May 3, 2005- Task Force, David Hyde Pierce and Alzheimer families push to increase Alzheimer's Research Funding

WASHINGTON, DC - Representative Edward J. Markey (D-MA) and Representative Christopher Smith (R-NJ), chairs of the Bi-Partisan Task Force on Alzheimer's Disease, hosted the Alzheimer's Association and special guest David Hyde Pierce ("Dr. Niles Crane" on the hit T.V. Show Frazier) today to help raise awareness about Alzheimer's disease and discuss ways to make Alzheimer's research a national priority.

“It is time for us to truly recognize the importance of making Alzheimer’s a national priority before it explodes into a national crisis,” Rep. Markey stated. “By 2010, it is projected that 5.1 million Americans will have Alzheimer’s. This staggering number can be prevented if we increase funding for research and find a cure before it is too late.” David Hyde Pierce emphasized concerns about caring for a new generation of seniors with Alzheimer’s, stressing the ballooning costs associated with the disease that will hit
Medicare and Medicaid.

“Medicare spends 3 times more on a beneficiary with dementia than on a beneficiary who is not cognitively impaired. Medicaid spends $21 billion each year just on nursing home care for persons with dementia who have run out of money paying for their care. Left unchecked, Alzheimer’s disease will bankrupt Medicare and Medicaid. But if we can find a way to delay onset and progression of the disease, even by a modest amount – we can achieve huge savings. If we can find those answers within 5 years, we can save
Medicare $51 billion a year by 2015.”

Pierce was joined by Dr. Samuel Gandy, Vice Chair, Medical and Scientific Advisory Council Alzheimer's Association and several families who represent the face of Alzheimer’s disease: Julie Noonan Lawson of East Sandwich, MA an Alzheimer advocate; Meryl Comer, an Emmy award winning reporter and caregiver for her husband; and Brandeis University Professor, Dr. Bernard Reisman, West Newton, MA. These families narrated the daily challenges that families living with Alzheimer’s face.

Dr. Bernard Reisman, professor emeritus at Brandeis University and Alzheimer’s patient spoke to the Task Force urging Congress to fund more research, “We know that scientists are on the verge of finding ways to prevent and treat Alzheimer's and that the help and funding our government provides today may save future generations from this terrible thief that steals memories, disrupts careers and affects millions of families. If the research can proceed fast enough, there may be something that will make a difference for me, but I pray that the discoveries will come in time for the next generation. We are in a race against time. I desperately hope we can find a way to spare my children and grandchildren and others from this devastating disease.”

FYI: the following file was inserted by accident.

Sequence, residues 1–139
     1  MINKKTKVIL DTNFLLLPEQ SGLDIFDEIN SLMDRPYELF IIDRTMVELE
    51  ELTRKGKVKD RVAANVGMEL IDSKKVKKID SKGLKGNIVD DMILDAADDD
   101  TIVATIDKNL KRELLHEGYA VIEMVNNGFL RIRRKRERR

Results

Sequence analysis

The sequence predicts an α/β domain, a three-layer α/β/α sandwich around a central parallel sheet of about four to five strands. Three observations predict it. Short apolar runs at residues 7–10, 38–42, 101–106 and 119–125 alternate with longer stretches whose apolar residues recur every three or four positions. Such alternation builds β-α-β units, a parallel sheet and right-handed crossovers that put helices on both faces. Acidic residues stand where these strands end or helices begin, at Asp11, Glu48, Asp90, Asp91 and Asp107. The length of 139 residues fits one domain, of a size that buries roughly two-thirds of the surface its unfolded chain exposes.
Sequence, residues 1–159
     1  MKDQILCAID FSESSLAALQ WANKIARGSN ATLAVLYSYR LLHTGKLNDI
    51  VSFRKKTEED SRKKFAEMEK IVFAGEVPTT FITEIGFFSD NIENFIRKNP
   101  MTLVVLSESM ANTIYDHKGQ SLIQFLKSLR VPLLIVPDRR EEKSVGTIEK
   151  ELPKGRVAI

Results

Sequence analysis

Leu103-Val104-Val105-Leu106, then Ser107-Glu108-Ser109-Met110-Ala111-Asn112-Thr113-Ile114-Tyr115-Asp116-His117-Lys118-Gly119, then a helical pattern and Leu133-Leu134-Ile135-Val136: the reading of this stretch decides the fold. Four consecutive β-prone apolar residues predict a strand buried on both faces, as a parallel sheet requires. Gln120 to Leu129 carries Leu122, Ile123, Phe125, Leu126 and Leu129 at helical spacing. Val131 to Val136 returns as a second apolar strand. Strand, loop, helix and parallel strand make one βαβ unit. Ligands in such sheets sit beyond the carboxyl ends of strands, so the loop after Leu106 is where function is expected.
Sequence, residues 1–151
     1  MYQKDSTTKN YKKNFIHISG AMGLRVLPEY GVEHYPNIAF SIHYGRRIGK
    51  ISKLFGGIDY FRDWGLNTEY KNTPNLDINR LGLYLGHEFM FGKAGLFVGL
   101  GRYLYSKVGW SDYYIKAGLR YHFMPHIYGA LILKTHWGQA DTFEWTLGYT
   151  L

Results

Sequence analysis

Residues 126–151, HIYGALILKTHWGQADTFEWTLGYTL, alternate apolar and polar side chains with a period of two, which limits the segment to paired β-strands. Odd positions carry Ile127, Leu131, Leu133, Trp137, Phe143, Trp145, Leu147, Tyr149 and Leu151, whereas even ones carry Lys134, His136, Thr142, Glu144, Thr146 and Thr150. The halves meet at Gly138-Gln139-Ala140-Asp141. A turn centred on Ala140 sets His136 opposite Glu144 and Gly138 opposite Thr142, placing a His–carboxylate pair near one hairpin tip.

“By coming together, sharing our stories and continuing to promote awareness of the disease we can hope that one day soon we can speak of Alzheimer’s as a disease of the past,” Markey concluded.

Reps. Markey, Smith and Burgess introduced the “Ronald Reagan Alzheimer’s Breakthrough Act of 2005” in an effort to expand the federal government’s efforts to find new ways to prevent, treat, and care for patients with Alzheimer’s. The bill will make Alzheimer’s research a national priority by doubling the funding for the National Institute on Health and directing these funds towards research, enhancing public awareness and education about the disease, and assisting caregivers of Alzheimer’s patients.

For Immediate Release
May 3, 2004

 CONTACT: Tara McGuinness
Nicole Encarnacao
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